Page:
Guest Post: Comments on Judge Kavanaugh, by Sam Turner


Supreme Court nominee Brett M. Kavanaugh gives his opening statement to the Senate Judiciary Committee on Thursday. (Win McNamee/Getty Images)

Supreme Court nominee Brett M. Kavanaugh gives his opening statement to the Senate Judiciary Committee on Thursday. (Win McNamee/Getty Images)

A rare guest post on Wickersham’s Conscience. WC saw this on Facebook, where it had been shared by a Facebook friend. WC doesn’t know Sam Turner, although, as she says, she currently lives in Bethel, Alaska, where WC lived a long time ago. This is a bit longer than the usual WC blog post, but it’s worth your time.

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Someone on twitter recently asked residents of certain states to direct message him with their concerns about Judge Kavanaugh. This was my response, slightly edited to avoid the many typos that come from hasty direct messaging and with a few additions I thought of later:

My name is Sam Turner, and I recently moved to Bethel, Alaska. Before that I lived in Anchorage.  I’ll try to sum up my feelings.

1.  Initial thoughts when Judge Kavanaugh was nominated

My initial thoughts on Judge Kavanaugh when he was nominated were mixed. I had always thought of him as a principled jurist, and he never seemed like an ideological extremist. His opinions were much more grounded in fact and logic, and much better written, than, for example, Justice Gorsuch, whose nomination I did oppose. Of course, I was worried. The appointment of another conservative judge to the Court would mean the complete halting of any expansion of civil rights and, in fact, the regression of those rights.

(The following concerns about specific legal issues focus only on those areas where Judge Kavanaugh is likely to substantially disagree with Justice Kennedy.  Justice Kennedy was a very conservative Justice overall, so most areas of the law will not see much dramatic change.  This section highlights some of the areas that will change and will change for the worse.)

(a) LGBT rights

LGBT rights have made strides in recent years.  That would end and would be reversed.  It is unclear whether Judge Kavanaugh or dissenting Justices on the Supreme Court would vote to overturn some of these decisions.  Given how passionate Chief Justice Roberts’s dissent in Obergefell v. Hodges was and given Kavanaugh’s writings on gay rights and his rights jurisprudence generally, I think it is more likely than not that Obergefell would be overturned and that the legality of gay marriage would return to being a state issue.  This is horrifying for the nation, and not the best for me personally, as a bisexual, transgender woman who lives in a state with a constitutional prohibition on gay marriage.

And gay marriage is just the tip of the iceberg.  Most circuits have recognized in recent years that Title VII’s prohibition on employment discrimination based on sex stereotypes is also a prohibition on discriminating based on sexual orientation and gender identity.  Likewise, recent circuit court decisions have concluded that Title IX’s prohibition on sex segregation in education mandates transgender students be treated with basic respect. It is only a matter of time before these issues reaches the Supreme Court, and there is no question how a court with Judge Kavanaugh on it would rule.  Judge Kavanaugh would join opinions holding that LGBT people have no protections under federal law.  This would set LGBT rights and LGBT visibility back decades.  It would lead to the suicide of countless children.  It cannot be understated how devastating such rulings would be.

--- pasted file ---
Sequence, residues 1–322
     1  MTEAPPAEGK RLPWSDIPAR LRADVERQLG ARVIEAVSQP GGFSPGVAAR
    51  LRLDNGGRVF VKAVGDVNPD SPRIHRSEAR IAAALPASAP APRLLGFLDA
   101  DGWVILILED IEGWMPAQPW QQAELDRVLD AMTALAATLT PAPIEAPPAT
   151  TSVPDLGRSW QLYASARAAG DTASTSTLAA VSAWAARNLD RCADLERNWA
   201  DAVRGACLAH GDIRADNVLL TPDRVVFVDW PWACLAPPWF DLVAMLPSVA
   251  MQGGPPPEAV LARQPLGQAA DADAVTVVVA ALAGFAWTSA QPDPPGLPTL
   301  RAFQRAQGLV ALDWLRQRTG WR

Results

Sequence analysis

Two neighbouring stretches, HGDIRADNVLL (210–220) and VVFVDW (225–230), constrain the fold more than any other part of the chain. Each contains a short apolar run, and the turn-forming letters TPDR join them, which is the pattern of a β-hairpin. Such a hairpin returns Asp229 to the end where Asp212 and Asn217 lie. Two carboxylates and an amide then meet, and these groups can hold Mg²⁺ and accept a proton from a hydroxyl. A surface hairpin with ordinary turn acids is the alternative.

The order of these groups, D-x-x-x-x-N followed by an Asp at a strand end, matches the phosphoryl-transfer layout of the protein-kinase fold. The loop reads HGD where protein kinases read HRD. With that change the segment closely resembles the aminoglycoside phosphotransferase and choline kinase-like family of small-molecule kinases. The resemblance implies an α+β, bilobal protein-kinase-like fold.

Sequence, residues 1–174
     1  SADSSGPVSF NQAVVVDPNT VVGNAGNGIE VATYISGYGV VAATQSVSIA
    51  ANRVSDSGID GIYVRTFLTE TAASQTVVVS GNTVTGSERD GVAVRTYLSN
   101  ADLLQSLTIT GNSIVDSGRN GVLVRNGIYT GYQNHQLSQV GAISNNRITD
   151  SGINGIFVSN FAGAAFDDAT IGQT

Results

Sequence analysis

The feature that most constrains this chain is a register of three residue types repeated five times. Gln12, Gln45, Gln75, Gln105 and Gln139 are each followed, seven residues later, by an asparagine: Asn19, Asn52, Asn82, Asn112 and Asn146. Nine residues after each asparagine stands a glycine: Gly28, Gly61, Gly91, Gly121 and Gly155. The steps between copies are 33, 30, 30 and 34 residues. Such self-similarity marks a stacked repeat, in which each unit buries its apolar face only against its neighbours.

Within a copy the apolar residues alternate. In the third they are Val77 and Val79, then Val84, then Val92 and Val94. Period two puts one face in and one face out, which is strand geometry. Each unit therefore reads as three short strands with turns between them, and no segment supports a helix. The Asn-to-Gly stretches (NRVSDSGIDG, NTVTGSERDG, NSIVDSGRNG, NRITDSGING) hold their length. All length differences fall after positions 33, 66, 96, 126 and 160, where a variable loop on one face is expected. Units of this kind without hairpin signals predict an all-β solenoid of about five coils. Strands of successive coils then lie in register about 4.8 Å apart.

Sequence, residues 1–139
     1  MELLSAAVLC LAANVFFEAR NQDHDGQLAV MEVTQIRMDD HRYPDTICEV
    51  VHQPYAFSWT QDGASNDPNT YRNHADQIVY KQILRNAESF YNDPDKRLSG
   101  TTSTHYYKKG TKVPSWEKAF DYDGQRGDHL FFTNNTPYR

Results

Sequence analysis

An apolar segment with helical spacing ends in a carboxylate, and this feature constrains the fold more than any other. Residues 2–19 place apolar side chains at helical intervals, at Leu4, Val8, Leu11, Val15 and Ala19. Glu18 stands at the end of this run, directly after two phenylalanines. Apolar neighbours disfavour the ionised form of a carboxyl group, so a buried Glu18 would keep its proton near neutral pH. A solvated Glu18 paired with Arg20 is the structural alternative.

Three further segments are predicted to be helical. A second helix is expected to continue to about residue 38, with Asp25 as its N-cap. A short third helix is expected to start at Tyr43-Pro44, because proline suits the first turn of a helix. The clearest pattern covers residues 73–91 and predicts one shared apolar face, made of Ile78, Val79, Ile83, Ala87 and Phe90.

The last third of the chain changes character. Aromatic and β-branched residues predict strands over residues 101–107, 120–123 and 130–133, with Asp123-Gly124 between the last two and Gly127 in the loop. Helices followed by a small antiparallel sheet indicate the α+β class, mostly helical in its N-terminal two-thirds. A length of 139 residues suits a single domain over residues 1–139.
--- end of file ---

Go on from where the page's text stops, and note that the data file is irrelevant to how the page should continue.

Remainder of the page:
And it gets worse.  Just this year, the Supreme Court considered whether a baker’s free speech rights were violated when he was sanctioned for refusing to bake a wedding cake for a gay couple.  The Court issued a narrow decision, but two Justices expressed the view that the enforcement of anti-discrimination laws was unconstitutional.  They characterized the baker’s refusal to sell a cake to the couple as the refusal to celebrate gay marriage.  Since the state may not require any citizen to support any viewpoint, this violated the baker’s first amendment rights.  This interpretation, which admittedly was only endorsed by two Justices, has no limits.  For example, the hiring of an out gay worker is, in a sense, the celebration of gay identity.  There are at least two Justices on the Supreme Court who would hold that all state laws prohibiting LGBT discrimination are unconstitutional.  Whether five justices would endorse this view is unclear, but another compelled speech case from this year suggests they would.  The Court this year struck down a California requirement that all centers claiming to be pregnancy health centers post a sign saying whether they were licensed and post a 1-800 number with info about pregnancy health.  The conservatives on the Supreme Court are apparently willing to issue opinions that interpret the compelled speech doctrine extremely broadly when states pass laws the Justices don’t like.  Nothing in Judge Kavanaugh’s history suggests he would not go along with this.  The result would be that any anti-discrimination protection would be unconstitutional.  It is impossible to put into words how devastating for the LGBT community this would be.  Millions of people would return to the closet.  Thousands would commit suicide.

(b) Reproductive rights